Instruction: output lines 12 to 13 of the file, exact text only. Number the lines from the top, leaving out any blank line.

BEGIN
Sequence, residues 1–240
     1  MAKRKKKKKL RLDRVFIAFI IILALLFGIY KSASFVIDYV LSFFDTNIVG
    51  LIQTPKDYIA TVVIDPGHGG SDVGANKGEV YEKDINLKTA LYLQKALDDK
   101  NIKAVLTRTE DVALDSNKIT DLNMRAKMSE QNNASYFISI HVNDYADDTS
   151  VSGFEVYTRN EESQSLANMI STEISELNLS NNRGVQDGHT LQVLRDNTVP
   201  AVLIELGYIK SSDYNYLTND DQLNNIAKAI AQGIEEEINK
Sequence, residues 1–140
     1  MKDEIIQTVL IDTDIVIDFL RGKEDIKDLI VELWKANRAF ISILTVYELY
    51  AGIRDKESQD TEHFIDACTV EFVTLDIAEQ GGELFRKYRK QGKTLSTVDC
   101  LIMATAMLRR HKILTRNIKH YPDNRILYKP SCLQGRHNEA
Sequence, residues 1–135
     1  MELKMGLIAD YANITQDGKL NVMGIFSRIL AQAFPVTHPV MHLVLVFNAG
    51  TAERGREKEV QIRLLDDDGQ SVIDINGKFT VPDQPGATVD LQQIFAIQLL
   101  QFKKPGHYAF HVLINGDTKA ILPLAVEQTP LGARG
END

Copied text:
     1  MELKMGLIAD YANITQDGKL NVMGIFSRIL AQAFPVTHPV MHLVLVFNAG
    51  TAERGREKEV QIRLLDDDGQ SVIDINGKFT VPDQPGATVD LQQIFAIQLL